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Ignition Switch rebuild for the F650CS 2003 K14
This switch was overloaded and therefore failed on me! Be sure to use relays for your electrical applications no matter HOW SMALL you think they are!
So I had some bad contacts in my ignition switch which gave me the following problems:
Bike randomly turned itself off while the key was in the ON position and I was riding
(coincidently this occurred twice and both times less than 2 mins away from my house!)
Displays and everything that is run through the ignition switch would be dead except the 12V outlet and the clock in the instrument cluster
Bike would restart (somehow) without any outside interference or not start at all
This problem could also be occurring with the steering angle changed (loose wires near the connections)
Battery voltage still good (above 12.4Volts)
Diagnosing wasn't to bad if you know what to look for:
The battery gives power to everything so if there is a battery issue and everything else that runs off the battery would have issues as well. The clock was still working (low current draw) and so was my 12V outlet. I didn't test the outlet with my heated gear but both had power.
The voltage at the 12V outlet didn't change at all when the key was turned from OFF to ON…
there should be a slight drop or a spike of voltage for a brief second since there is an additional strain placed onto the battery which didn't happen and made me think that the ignition switch is the culprit as well as the block of relays.
Everyone on the board turned to the battery so it got inspected and turned out that it had a cell that was completely dry. So remember to check your battery at least every 1K miles since I serviced the battery in June prior to my trip down to the Dragon so it was topped off around 2,5K miles ago.
A load test on the battery in my garage pointed the needle to WEAK but not bad so I was in doubt that the battery was the issue but since it had been in there for at least 2 years it got replaced. Autozone carries motorcycle batteries by the way! 3 months warranty on the battery only though compared to their car batteries. Paid 59$ out the door.
Moving some stuff around to make it easier for the battery removal.
New battery installed and nothing changed so I went for the ignition switch.
The ignition switch is the ELECTRICAL part of the Ignition! You have the "lock" which is the keyed part and then underneath a small plastic switch which makes all the connections. In order to remove the switch you have to remove two Phillips screws which are a pain to remove. I had all the Tupperware off and it made the job easier as you could see what you are doing, however removal might not be necessary in your case.
I had to loosen up the horn as well and do a 310 degree turn to swivel the connector out of the way to make room for the screwdriver so be aware of that as well.
Once you remove the two Phillips screws the switch should just drop down exposing the lock pin that is connected to the switch. You can now use a flat blade screwdriver turn the switch.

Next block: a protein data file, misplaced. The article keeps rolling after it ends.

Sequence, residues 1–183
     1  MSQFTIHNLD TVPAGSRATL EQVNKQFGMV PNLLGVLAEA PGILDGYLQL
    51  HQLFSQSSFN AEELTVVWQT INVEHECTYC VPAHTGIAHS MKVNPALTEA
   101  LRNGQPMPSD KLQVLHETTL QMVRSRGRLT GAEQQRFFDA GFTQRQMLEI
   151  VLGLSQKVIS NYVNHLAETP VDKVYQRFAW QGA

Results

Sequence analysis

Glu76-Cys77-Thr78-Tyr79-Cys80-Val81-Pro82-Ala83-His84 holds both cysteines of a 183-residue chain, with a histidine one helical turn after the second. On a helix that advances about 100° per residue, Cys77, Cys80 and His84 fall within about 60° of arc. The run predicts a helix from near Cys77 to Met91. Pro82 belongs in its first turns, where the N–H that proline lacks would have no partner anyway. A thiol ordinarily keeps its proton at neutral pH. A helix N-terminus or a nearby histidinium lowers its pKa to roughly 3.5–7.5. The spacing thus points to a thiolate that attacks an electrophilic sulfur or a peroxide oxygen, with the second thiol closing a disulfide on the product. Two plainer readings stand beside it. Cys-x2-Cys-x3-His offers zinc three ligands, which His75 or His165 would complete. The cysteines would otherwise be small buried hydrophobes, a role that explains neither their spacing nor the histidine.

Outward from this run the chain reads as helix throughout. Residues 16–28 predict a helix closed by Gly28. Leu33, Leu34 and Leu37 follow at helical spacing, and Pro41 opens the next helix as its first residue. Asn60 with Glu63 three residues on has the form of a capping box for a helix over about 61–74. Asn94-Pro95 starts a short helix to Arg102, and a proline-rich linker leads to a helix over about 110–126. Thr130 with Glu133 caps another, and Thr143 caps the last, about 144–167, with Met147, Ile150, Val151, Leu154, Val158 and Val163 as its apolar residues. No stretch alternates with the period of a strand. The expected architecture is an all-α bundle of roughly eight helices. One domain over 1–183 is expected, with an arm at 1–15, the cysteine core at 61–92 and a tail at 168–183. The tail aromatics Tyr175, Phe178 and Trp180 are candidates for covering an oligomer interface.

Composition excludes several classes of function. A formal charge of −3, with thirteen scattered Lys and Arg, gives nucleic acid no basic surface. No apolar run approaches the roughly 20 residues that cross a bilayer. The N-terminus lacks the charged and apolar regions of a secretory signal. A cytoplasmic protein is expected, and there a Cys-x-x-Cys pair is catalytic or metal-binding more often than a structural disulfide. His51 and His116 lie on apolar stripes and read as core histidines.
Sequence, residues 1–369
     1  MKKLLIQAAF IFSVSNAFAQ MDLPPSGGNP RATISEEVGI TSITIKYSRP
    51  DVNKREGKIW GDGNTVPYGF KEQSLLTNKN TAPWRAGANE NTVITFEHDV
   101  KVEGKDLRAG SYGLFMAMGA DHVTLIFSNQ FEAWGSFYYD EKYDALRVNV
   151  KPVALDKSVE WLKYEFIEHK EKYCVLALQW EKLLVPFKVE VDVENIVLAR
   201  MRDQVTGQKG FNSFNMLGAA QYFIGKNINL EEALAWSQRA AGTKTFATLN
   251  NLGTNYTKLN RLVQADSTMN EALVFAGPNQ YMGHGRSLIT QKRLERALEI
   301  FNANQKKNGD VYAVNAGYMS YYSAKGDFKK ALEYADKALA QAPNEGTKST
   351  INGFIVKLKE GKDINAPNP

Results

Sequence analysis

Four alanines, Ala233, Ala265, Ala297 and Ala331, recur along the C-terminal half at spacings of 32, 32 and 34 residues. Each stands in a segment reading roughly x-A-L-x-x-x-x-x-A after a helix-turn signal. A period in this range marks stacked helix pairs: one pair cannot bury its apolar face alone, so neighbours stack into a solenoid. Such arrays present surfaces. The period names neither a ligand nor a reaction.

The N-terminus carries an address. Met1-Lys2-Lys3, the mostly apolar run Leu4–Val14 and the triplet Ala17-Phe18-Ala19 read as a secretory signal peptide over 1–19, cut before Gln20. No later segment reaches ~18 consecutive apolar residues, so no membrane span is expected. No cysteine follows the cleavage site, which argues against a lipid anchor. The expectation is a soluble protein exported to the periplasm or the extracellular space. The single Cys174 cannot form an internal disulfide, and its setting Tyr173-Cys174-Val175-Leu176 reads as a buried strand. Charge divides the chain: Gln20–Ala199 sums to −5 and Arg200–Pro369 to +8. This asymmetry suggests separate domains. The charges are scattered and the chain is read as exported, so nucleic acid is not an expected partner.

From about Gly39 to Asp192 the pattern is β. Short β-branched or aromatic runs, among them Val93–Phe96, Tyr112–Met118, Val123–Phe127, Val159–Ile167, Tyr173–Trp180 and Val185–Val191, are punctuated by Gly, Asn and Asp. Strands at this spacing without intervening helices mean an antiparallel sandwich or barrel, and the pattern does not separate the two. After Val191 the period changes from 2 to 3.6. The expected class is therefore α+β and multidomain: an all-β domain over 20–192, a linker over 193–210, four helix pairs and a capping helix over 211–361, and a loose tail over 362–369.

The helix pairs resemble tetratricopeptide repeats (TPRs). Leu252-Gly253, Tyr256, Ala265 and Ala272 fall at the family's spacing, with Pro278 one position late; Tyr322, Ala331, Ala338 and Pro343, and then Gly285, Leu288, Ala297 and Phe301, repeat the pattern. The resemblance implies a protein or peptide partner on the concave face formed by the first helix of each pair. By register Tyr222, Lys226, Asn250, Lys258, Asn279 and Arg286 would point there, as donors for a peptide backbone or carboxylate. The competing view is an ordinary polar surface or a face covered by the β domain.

My switch needed to be turned just a tad more to the R in order to make a good contact. The lock pin is limited to its 4 positions and cannot be turned a tad more so it didn't make a contact.
Here is the video that shows the switch in the ON position with me wiggling the back of the cable which caused some pressure to finally make the contact.
In order to remove the switch from its casing cut the zip tie on the bottom that keeps the wiring attached to the case, then push/feed the wiring into the house and pull on the switch. It will come out mm by mm and eventually be exposed.
This picture shows how offset the switch was from the lock assembly in the on position, the pins that are connecting the lock with the switch could not line up exactly.
Disconnect the switch by pushing the pins in and removing it.
Some closeups of the switch not yet taken apart:
The following pictures are macro close ups of the switch:
In order to take the switch apart you need to depress the three pins and push.. this will take some finesse!!! be gentle and don't BREAK the thing either! Patience and skill is the answer!
The two silver balls are spring loaded marbles that are giving you some resistance when using the key lock to turn the switch and to hold the switch in position when turned
The underside of the switch has two SPRING LOADED plates, remember how they face each other for reassembly later on if needed
This is the connector plate of the switch, notice how DIRTY it is, alcohol is your friend in cleaning the contact plates!
The underside, check for broken, misaligned dirty pins
This is how the contact plates are supposed to look: Spring loaded and with some resistance to the touch and easy movable!
Notice how the silver one is missing the spring on the bottom pushing against the plate like the copper one had.
Another view of the silver plate missing its spring on the bottom of it.. also notice how the plastic appeared to have been melted into a square looking top.
Separate the metal from the plastic, if you look closely there is some dark stuff in the white plastic whole.
Turns out that the spring had melted with the plastic and was constantly depressed since it got melted somehow with the plastic!
Get either a spring assortment or use a spring from a push down pen that will either fit the whole of the plastic switch or fit around the newly formed "plate"
Cut the new spring down as needed so there is some snug tension on when depressing and no chance of movement
Reassembly and REGREASE everything in the reverse order. Also don't forget this writeup was MY problem, your issue could be like mine with melted plastic lacking to make contact or the wires leading to the switch could have been under so much tension that they eventually got torn or ripped apart or even shorted them to the chassis.